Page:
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Business access to new energy proposals must be addressed

Proposals from the Government and energy regulator Ofgem are positive but should apply to all businesses, UKHospitality has said.

What is being proposed?

There are a number of proposed changes to offer businesses better protections in the energy market:

  1. 1

    Standards of Conduct

    The Standards of Conduct rule is proposed to be expanded to include all customers to ensure that everyone receives fair treatment.

  2. 2

    Energy Ombudsman

    The Government is proposing to expand access to the Energy Ombudsman to businesses who fit a new ‘Small Business Consumer’ criteria.

    Currently, only micro-businesses could access the Ombudsman.

  3. 3

    Complaints Handling Standards

    It is proposed that these standards are widened to include businesses that fit the ‘Small Business Consumer’ criteria.

  4. 4


    There are two proposals to address brokers.

    An existing rule will be expanded to ensure that energy bills clearly show costs associated to third parties, including brokers. This will be for all customers.

    Requirements for suppliers will also be widened to require suppliers securing Small Business Consumer contracts through third-party intermediaries (TPIs) to only work with TPIs who are part of a redress scheme.

What is the Small Business Consumer criteria?

The Small Business Consumer definition includes businesses that use no more than 500,000 kWh of electricity per year, or use no more than 500,000 kWh of gas per year; or who have fewer than 50 employees and have an annual turnover no greater than £6.5 million or balance sheet total no greater than £5 million.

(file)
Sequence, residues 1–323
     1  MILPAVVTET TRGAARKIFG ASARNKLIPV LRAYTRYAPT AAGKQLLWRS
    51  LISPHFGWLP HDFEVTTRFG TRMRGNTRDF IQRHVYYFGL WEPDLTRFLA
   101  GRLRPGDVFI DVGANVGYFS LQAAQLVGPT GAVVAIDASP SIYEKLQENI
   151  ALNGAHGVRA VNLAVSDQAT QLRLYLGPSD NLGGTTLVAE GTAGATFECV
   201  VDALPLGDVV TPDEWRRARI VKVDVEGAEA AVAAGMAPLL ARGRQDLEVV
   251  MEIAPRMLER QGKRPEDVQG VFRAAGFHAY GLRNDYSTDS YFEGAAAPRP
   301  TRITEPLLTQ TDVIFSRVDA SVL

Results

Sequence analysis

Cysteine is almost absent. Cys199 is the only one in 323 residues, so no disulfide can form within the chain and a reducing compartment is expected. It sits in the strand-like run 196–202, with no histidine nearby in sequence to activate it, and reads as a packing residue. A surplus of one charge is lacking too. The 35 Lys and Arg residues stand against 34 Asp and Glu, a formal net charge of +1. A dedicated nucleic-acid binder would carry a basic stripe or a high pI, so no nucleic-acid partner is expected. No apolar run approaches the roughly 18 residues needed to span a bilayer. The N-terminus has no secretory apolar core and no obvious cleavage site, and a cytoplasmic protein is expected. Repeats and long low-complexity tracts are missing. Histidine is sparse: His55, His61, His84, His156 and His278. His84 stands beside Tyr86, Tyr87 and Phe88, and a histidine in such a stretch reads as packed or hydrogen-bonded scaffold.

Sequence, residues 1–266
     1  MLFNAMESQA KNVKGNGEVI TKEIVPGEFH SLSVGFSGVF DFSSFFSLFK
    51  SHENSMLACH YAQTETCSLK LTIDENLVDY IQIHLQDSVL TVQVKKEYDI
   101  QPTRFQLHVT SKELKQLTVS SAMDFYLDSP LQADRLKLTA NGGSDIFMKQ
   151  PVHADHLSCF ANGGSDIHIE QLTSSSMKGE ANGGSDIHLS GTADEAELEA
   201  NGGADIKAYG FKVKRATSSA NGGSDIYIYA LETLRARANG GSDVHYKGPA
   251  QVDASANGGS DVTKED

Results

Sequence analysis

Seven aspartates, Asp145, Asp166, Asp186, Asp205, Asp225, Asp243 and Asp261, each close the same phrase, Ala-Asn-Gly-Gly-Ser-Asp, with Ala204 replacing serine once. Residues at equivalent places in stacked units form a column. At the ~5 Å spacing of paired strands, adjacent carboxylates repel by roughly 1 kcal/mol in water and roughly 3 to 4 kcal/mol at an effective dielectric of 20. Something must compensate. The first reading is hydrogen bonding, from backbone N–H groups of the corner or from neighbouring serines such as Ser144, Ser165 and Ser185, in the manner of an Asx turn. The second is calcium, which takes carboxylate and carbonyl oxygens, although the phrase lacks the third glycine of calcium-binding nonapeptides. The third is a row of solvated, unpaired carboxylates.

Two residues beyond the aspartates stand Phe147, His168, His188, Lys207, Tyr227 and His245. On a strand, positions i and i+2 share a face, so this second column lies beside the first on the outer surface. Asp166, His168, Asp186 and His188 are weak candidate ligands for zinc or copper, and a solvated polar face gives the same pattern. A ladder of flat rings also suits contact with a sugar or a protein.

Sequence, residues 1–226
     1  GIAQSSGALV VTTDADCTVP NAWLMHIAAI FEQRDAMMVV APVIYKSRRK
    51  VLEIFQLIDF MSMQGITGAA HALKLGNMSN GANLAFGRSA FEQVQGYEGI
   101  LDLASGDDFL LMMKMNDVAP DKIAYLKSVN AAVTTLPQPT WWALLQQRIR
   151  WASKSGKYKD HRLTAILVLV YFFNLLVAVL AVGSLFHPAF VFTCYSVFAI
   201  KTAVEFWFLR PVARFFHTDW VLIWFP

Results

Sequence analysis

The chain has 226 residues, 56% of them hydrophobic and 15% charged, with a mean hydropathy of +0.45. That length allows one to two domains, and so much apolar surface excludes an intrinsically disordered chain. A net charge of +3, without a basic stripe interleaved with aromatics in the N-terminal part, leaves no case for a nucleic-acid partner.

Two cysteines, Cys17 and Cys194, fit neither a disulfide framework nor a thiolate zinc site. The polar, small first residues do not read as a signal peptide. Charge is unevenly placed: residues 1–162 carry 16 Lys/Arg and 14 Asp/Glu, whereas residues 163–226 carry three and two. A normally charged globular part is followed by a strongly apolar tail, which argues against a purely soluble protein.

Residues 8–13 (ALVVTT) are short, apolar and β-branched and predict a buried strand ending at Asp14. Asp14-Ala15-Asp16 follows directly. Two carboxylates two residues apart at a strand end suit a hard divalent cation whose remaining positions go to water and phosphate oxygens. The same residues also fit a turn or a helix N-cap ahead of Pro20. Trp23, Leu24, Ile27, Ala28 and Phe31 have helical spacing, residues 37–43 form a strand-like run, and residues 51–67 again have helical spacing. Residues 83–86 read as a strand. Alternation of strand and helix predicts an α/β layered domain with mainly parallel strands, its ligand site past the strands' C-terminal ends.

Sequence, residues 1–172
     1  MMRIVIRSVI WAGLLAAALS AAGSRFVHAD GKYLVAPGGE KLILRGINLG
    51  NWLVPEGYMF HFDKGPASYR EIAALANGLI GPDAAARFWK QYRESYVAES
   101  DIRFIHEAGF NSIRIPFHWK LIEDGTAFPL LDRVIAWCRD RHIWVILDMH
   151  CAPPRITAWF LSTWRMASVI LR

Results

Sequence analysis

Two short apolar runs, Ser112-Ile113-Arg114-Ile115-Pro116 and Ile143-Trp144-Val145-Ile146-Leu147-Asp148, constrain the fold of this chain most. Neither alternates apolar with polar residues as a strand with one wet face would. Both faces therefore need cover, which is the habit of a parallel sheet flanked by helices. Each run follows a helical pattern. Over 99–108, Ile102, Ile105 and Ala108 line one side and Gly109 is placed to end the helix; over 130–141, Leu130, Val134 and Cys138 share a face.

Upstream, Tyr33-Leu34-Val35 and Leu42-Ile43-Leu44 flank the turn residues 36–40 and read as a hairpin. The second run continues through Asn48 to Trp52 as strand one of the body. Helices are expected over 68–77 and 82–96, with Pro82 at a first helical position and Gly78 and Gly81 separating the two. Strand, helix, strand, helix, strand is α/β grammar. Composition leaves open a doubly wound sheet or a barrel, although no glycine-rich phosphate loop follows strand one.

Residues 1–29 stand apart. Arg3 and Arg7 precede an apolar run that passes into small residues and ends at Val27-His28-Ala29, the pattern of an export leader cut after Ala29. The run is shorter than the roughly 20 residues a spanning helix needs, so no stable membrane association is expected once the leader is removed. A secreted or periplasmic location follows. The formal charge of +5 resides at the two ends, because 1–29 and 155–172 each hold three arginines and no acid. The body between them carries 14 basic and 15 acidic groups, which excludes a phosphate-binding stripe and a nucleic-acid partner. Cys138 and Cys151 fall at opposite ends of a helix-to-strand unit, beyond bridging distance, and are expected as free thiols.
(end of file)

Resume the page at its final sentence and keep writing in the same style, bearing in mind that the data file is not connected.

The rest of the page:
Our response

Kate Nicholls, CEO, UKHospitality

Kate Nicholls, CEO, UKHospitality

UKHospitality supports these additional measures to improve protections for hospitality businesses but has called for all businesses, regardless of size, to have access. As currently proposed, thousands of businesses would be unable to feel the benefit.

The new protections come after UKHospitality led a campaign for better protections for businesses against unfair practices used by energy suppliers. Almost 400 hospitality businesses mobilised behind the campaign to write to the regulator demanding action.

Kate Nicholls, Chief Executive of UKHospitality, said: “The past two years have shone a light on the bad practice taking place in the energy market for businesses. At a time when energy prices went through the roof, hospitality venues were left with no effective protections against unfair and damaging practices by some energy suppliers.

“I’m pleased that Ofgem listened to UKHospitality’s concerns, and those of our members, by bringing forward a rigorous review into the market, which led to these proposals being introduced.

“While we support the measures, as they do increase protections for some businesses, the vast majority will not feel the benefit under the current proposals.

“No business should be excluded from these types of safeguards, just because they have grown to a point where they exceed an arbitrary figure for turnover, revenue or employees.

“We would urge Ofgem and the Government to revise these measures to include all businesses or, at the very least, those that fall under the much-wider definition of an SME.”

What is the SME criteria?

This criteria is much wider than the Small Business Consumer criteria. It includes businesses under 250 employees; or an annual turnover no greater than £36 million; or an annual balance sheet of under £18 million.